One hour before the event have a smoothie, yoghurt drink, fruit, an energy bar, dried apricots or rice pudding.

At the end of the race be sure to take on board a recovery food/drink, can be a sports drink or protein shake. You could have flapjacks, granola or energy bars (try and make your own), fresh fruit, a sandwich roll or bagel with meat, fish, egg or cheese, or dried fruits and nuts.

To summarise for race day;

Low GI carbs, low fat, low protein, low to moderate fibre, not too bulky or filling, not salty or spicy, easy to digest. Keep it wholesome and real.

Fuel up well and you will have a good race. Neglect this and you will be cold and miserable and want to give up before you have even started.

protein, oats, pancake

This is a nice, easy pancake recipe for whenever you want a little treat or as a high-protein option for pancake day.

Protein pancakes

3 whole eggs

2 egg whites

1 scoop whey protein powder

1 ripe banana

1/3 cup oats

½ tsp cinnamon

1/2 cup buckwheat flour

1 tsp baking powder

Simply put all ingredients into a blender and mix. You may need to add a little water if the consistency is too thick (this will depend on your protein powder).

Ladle into a warm pan with a little coconut oil.

Cook on one side until bubbles start to appear then flip over and continue cooking, you want a golden brown colour to the pancake.

Serve and eat straight away with fresh berries and Greek yoghurt or sliced banana and a drizzle of melted dark chocolate or maple syrup.

What is Tai Chi (Taiji, Tai Chi Chuan or Tai Ji Quan) and why do it?

 It is often described as moving meditation due to the sequence of movements (both graceful and flowing) combined with deep breathing exercises which encourage both relaxation and inner peace.

As the form is performed chi or internal energy is stimulated throughout the body which is thought to improve health and longevity.

That said it is also a very effective martial art, which through its slow practice makes for a peaceful and non-aggressive methodology towards learning the art of ceasing, controlling and breaking your enemy.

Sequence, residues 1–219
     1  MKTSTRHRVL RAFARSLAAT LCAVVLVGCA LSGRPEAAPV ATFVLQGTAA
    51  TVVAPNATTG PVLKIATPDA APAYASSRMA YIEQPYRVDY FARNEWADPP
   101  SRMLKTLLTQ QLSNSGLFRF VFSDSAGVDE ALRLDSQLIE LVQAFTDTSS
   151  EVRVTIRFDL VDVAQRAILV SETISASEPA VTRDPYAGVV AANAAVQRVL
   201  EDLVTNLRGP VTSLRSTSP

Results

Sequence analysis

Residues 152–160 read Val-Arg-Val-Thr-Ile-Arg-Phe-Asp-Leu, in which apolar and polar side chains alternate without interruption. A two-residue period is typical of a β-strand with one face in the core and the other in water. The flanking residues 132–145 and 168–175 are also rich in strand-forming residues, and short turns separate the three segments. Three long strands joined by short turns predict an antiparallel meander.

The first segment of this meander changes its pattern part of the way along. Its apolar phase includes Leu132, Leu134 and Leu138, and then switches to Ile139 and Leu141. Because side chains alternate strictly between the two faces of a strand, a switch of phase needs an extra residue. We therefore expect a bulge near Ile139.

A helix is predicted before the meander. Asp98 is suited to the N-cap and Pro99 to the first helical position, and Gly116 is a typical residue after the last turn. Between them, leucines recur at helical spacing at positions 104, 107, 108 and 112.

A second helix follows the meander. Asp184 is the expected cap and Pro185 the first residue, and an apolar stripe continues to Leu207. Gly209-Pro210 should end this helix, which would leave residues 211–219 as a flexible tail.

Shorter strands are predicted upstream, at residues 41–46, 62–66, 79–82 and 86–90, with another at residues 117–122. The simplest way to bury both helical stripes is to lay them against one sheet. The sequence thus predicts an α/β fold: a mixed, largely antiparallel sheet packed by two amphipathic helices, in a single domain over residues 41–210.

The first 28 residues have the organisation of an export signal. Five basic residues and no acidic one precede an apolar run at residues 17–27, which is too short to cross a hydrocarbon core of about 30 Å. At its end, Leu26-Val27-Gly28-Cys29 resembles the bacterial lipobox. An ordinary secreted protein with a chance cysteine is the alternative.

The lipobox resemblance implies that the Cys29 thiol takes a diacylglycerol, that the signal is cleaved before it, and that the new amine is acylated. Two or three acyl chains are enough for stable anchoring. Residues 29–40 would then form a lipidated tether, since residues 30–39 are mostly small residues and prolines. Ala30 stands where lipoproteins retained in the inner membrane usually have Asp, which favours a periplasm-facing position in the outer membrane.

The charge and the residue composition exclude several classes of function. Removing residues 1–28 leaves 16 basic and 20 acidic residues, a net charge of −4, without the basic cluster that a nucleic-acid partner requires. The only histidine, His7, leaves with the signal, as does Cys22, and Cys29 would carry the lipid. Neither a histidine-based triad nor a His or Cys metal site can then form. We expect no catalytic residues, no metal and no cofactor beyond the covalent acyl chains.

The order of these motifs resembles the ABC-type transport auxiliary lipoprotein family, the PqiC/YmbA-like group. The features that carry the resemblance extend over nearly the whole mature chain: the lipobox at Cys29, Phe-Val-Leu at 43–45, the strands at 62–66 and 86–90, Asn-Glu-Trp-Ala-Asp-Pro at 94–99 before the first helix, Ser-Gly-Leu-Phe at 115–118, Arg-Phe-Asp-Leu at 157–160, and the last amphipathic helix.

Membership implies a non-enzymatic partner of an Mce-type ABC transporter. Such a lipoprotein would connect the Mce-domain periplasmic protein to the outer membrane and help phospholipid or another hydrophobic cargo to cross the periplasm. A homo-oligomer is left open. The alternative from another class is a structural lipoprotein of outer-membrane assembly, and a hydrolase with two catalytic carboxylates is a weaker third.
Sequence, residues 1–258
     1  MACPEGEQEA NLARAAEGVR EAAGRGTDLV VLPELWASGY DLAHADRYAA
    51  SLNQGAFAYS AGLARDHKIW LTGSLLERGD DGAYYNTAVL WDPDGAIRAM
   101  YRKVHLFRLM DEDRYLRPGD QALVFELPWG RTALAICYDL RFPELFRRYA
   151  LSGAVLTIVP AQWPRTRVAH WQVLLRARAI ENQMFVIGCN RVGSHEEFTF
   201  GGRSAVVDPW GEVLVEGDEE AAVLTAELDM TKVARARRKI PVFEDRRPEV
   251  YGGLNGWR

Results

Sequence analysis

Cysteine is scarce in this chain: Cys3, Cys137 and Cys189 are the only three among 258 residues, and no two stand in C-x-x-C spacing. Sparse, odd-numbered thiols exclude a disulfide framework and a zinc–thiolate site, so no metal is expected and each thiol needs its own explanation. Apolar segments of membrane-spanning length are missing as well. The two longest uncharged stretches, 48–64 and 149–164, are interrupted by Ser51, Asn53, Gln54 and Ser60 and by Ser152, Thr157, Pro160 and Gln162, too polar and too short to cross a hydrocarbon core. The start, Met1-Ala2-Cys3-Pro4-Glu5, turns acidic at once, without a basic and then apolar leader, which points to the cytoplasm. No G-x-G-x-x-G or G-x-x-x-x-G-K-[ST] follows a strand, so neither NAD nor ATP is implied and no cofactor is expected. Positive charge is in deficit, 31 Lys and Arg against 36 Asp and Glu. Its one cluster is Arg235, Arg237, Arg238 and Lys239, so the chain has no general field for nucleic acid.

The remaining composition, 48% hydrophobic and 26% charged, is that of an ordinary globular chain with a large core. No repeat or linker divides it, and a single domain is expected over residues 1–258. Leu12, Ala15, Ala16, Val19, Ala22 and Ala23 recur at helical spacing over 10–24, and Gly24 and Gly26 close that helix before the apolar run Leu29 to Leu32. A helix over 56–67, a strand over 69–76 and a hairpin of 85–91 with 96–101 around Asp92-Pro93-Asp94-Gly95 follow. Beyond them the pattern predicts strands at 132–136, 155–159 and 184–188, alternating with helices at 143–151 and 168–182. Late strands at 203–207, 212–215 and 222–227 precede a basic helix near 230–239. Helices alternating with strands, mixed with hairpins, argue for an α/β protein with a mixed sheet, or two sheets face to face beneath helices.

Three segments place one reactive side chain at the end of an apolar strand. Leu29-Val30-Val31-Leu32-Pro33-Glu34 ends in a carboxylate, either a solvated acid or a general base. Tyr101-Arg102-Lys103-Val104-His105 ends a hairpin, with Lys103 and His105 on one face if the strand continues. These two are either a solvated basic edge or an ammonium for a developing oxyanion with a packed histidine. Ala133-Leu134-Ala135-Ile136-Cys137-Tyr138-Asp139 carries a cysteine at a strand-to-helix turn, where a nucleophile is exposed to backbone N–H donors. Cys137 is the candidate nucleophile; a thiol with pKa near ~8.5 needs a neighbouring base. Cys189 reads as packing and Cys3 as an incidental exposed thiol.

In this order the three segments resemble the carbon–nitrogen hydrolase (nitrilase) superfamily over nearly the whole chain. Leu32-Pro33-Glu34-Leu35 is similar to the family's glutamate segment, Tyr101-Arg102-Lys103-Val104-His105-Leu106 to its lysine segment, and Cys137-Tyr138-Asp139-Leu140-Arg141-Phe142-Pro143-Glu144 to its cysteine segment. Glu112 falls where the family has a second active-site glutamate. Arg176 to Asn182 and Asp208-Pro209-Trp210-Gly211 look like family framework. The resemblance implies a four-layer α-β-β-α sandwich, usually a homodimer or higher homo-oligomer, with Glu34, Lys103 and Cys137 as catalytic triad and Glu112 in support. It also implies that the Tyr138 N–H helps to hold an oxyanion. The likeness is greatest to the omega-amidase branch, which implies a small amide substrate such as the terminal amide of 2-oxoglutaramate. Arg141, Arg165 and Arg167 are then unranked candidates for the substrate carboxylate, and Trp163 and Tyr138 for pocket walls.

Although there are several styles of Tai Chi they all seem to emanate from the roots of Taoist philosophies which some believe is translated through the movements themselves.

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 The above is one of my favourite quotes from the Dao de Ching and holds so true in my daily training as well as everyday life. Without taking that first step we will never reach our end destination.

For me Tai Chi is a daily journey of self-discipline, self-realisation and self-understanding. Like the movements of Tai Chi, once you set off on the path, there are no beginnings or ends it is a perpetual motion.

I make no secret of the fact that I suffer from depression on a frequent basis and that being physical is my way of coping. Those that know me are well aware that I like to throw the weights around but that can do more harm to my mental state at times and this is where Tai Chi plays its hand. The movement is soft, gentle, healing and at the same time grounding. But to really reap the benefits it must be practiced daily (understand no two days are ever the same).

If for any reason I end up missing a session of self-practice my mental health can suffer quite dramatically, upsetting my balance.

While the world around me turns to chaos one certainty is the peace of mind I will find through training.

The bottom line is that Tai Chi is a mind and body exercise encompassing martial arts and meditation. With its flowing movement and postures it promotes

  • awareness of the mind
  • breath
  • balance
  • coordination
  • relaxation
  • health
  • mind, body and spirt
  • flexibility

These are just a few of its benefits. Studies have shown the potential for Tai Chi as an aid for fighting depression and anxiety amongst other illnesses.  

Tai Chi may help reduce stress, anxiety and depression

Wang and her colleagues found that practicing Tai Chi was associated with reduced stress, anxiety, depression and mood disturbance, and increased self-esteem.




Tai Chi is a gentle martial art form that promotes both mental and physical wellbeing. Daily practice alongside Qi Gung can have a profound effect on how you live your daily life, the way in which you move, and how you cope with demanding situations. Your outlook on life will change for the better but only through diligent daily practice.

Be kind and gentle to yourself and the world around you

If you want to know more about Tai Chi and take part in a session the contact www.PaulCollinsFitness.co.uk